• Clear your chin. Believe it or not, your chin plays a crucial role in the success of your shoulder turn. If your chin is down into your chest as your swing gets going, there isn’t going to be anywhere for your left shoulder to go. It will run right into your chin as the rotation gets started, and you’ll either have to pick up your head or stop turning your shoulders as a result – and neither of those are good outcomes. To solve this problem, make sure to set up over the ball at address with your chin safely up away from your chest. Don’t make the mistake of thinking that you need to keep your chin down just to make sure your eyes stay on the ball. You should have no trouble watching the ball while keeping your chin up in a comfortable spot.
  • Stay down in your stance. For some reason, many golfers tend to lift up as the backswing moves along. They turn away from the target fine at the start, but they start to give up knee flex as they keep turning right. This might not seem like a big deal, but it can cause a number of problems. Most importantly, it will make it difficult for you to strike the ball cleanly at the bottom of the swing, since you have changed the level of your stance. Do your best to hold your knee flex steady as your backswing moves along. There can be a little movement in your lower body – that’s natural – but keep it to a minimum.
  • Take your time! We already touched on this in the previous section, but it needs to be repeated here for effect. You simply must take your time in the backswing if you are going to create the kind of shoulder turn that tends to lead to powerful shots. When you rush, your shoulder turn will be a disappointment, and your shots will be as well. One of the great things about golf is the fact that the ball is sitting on the ground, waiting for you to hit it. There is no need to rush, as there would be in baseball when a fastball is rushing up toward the plate. With the ball sitting still, you can build your backswing slowly and gradually, waiting to let it rip until your shoulders have had all the time they need to coil up and get ready.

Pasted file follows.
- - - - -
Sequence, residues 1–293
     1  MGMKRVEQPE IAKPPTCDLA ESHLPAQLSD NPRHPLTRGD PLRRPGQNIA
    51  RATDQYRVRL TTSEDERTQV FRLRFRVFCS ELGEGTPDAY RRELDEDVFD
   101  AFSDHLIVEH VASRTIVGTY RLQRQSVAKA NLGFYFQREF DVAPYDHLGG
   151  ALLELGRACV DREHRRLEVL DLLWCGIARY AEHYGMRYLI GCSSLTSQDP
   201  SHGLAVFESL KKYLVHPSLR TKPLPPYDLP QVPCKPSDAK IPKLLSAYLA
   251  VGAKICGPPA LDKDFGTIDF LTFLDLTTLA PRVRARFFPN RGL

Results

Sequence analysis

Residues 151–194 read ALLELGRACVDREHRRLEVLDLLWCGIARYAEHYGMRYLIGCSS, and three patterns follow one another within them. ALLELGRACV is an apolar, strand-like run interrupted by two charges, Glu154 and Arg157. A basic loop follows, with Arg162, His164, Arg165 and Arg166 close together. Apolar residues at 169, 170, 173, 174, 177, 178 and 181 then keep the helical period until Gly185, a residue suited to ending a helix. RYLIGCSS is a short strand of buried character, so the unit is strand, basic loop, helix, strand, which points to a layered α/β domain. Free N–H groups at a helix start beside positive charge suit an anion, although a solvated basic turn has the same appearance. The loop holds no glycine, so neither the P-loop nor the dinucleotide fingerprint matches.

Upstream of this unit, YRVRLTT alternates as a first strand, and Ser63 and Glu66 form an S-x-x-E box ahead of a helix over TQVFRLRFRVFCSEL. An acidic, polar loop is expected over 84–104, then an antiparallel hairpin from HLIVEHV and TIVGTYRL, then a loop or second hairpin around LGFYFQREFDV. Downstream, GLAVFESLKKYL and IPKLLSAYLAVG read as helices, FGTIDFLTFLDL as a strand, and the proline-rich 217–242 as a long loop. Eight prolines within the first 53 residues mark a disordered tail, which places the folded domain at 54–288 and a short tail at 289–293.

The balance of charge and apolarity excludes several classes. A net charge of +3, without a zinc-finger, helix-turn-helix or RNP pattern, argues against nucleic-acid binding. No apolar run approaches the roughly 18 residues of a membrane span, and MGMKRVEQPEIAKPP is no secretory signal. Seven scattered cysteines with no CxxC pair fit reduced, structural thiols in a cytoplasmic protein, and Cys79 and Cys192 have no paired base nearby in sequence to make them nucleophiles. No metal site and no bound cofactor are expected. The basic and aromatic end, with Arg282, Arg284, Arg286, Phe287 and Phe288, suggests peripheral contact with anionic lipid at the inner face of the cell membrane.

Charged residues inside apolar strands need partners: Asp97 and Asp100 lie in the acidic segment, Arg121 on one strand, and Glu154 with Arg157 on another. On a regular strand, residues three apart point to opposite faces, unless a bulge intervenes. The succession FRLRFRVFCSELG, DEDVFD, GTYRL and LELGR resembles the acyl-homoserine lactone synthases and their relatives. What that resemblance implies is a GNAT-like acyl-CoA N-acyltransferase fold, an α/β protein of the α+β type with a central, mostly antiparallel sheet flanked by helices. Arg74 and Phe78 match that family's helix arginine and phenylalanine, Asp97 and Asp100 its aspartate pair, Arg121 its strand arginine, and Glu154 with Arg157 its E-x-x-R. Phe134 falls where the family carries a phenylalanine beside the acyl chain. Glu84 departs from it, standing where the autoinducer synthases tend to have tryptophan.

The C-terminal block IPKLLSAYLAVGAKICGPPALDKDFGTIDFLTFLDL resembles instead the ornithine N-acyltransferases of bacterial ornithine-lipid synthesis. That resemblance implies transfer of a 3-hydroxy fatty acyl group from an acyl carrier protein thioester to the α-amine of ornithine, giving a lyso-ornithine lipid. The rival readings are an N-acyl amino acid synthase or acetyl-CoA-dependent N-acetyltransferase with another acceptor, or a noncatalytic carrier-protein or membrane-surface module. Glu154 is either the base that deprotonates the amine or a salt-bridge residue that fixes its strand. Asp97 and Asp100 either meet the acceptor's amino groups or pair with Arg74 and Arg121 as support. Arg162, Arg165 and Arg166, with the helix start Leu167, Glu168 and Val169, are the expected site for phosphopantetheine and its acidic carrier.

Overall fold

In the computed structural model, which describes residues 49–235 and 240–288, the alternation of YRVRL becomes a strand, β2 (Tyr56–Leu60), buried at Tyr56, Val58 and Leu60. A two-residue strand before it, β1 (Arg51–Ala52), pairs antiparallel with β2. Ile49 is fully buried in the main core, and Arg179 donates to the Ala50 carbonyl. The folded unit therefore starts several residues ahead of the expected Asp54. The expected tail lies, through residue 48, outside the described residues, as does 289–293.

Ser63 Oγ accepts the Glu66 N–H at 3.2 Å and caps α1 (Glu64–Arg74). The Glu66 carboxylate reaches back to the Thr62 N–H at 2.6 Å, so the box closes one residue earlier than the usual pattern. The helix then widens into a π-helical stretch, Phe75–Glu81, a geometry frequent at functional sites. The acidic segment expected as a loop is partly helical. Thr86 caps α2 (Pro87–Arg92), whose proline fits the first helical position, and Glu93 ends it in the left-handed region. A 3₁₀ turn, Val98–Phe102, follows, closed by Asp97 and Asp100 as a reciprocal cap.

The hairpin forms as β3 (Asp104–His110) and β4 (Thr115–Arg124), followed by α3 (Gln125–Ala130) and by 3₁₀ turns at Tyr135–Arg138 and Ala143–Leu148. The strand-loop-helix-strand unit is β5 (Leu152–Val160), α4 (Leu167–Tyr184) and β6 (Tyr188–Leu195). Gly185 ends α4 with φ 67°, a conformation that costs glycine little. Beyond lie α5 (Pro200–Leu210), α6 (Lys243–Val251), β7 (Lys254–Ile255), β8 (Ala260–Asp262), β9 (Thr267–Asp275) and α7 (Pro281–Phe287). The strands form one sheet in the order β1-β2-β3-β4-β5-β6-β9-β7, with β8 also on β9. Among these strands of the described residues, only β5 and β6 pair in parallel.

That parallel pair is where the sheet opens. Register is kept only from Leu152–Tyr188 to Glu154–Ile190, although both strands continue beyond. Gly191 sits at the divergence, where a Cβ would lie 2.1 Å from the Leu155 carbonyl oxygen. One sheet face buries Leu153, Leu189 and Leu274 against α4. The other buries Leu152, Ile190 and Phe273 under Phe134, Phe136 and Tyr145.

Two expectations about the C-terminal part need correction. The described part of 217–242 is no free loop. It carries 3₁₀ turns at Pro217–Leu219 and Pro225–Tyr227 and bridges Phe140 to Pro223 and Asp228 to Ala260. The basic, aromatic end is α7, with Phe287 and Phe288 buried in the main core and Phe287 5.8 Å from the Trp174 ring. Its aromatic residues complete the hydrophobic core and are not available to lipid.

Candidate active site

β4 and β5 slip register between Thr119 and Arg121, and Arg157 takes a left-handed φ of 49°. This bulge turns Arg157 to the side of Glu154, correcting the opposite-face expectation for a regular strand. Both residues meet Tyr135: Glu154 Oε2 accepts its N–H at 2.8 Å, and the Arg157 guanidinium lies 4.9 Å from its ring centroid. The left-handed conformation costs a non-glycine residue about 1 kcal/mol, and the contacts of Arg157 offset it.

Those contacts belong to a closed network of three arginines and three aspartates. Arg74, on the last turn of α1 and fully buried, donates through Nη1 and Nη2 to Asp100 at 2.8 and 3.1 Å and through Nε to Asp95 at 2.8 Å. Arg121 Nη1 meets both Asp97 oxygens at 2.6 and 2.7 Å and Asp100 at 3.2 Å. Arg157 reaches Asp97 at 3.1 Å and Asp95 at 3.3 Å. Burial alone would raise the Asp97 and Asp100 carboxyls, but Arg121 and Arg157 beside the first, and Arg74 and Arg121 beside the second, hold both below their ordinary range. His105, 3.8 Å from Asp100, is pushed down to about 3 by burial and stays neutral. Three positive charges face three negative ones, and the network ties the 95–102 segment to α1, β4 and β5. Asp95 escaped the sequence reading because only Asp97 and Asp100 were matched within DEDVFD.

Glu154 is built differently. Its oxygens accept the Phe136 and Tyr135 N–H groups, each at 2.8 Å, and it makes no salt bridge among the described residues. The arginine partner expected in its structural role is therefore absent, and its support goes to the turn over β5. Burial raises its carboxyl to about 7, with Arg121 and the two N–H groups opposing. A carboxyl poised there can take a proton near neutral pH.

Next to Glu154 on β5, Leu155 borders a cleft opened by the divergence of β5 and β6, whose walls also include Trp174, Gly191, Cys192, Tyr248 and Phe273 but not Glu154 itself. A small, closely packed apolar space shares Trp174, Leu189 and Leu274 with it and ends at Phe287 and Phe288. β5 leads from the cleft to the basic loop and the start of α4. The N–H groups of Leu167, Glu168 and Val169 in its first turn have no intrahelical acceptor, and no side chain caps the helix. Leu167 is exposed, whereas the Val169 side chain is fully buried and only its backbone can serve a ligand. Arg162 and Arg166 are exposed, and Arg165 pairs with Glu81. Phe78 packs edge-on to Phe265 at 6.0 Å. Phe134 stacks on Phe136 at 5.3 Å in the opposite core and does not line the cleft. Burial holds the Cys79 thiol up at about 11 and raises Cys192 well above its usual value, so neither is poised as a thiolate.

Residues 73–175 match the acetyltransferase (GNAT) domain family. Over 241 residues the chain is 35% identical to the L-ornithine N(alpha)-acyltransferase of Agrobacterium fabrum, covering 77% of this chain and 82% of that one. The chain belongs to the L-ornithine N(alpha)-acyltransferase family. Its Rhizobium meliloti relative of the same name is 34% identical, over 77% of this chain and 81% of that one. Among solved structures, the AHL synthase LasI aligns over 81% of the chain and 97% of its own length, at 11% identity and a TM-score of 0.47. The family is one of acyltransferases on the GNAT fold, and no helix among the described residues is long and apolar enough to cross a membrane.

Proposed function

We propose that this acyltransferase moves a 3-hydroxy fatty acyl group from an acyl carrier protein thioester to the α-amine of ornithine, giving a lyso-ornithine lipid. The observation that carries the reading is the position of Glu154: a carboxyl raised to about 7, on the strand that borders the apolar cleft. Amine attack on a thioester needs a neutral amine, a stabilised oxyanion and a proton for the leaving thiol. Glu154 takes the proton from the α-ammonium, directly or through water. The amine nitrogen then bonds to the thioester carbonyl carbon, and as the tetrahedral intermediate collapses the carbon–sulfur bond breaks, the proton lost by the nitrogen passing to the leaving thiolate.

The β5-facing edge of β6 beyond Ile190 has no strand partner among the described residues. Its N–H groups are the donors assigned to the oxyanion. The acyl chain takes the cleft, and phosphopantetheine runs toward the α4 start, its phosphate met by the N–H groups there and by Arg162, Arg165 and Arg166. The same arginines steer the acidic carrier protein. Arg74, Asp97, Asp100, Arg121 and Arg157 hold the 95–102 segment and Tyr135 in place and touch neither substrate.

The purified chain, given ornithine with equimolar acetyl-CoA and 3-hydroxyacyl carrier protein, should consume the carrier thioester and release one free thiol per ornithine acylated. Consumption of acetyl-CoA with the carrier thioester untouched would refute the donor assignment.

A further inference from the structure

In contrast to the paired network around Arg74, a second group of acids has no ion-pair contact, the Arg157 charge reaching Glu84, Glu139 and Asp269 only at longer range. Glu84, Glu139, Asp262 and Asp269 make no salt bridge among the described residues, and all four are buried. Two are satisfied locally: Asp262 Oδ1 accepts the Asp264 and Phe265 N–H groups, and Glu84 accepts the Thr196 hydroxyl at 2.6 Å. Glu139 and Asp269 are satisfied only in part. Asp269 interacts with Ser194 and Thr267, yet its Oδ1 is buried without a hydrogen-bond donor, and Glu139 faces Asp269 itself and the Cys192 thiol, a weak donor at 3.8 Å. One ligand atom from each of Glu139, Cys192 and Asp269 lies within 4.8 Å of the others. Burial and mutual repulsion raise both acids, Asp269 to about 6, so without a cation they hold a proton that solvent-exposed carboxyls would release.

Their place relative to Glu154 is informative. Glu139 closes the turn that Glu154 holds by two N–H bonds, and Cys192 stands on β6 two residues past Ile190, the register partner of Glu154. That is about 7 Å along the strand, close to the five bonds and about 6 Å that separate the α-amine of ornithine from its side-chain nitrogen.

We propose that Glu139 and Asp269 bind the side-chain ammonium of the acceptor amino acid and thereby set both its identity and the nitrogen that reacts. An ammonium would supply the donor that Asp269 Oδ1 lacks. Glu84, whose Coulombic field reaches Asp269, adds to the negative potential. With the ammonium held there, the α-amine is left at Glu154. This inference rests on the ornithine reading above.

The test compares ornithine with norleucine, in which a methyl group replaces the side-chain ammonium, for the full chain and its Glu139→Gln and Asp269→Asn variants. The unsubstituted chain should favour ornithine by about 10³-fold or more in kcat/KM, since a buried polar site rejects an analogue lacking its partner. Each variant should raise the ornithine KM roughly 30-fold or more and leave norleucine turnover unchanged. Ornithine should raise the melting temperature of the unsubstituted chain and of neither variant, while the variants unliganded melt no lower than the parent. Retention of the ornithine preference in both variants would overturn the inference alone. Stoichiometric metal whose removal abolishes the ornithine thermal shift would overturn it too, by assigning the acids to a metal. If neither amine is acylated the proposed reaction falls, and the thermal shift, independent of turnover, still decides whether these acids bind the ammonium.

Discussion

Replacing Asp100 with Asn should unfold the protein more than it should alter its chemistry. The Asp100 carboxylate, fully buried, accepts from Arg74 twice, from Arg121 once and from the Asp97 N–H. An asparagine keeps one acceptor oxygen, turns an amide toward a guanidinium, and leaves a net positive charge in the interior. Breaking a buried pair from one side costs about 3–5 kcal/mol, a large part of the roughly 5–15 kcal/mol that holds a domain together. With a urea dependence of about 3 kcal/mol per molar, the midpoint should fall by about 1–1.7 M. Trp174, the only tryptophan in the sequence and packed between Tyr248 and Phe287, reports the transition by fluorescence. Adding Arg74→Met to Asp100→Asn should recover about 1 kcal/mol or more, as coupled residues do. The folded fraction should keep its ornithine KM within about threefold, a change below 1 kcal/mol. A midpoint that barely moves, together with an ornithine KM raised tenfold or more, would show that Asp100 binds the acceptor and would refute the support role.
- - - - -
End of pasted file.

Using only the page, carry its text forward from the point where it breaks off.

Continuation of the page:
• By definition, a swing which includes a great shoulder turn is not an arms-only swing. If you are turning your back roughly to the target at the top of the swing, you can feel good about the work you are doing – and you can expect to see nice results (as long as the rest of your technique is in good condition). It may take some time, but there is no reason to think you can’t learn how to employ your shoulders correctly during the backswing phase of your golf swing.

    Other Important Steps

    Other Important Steps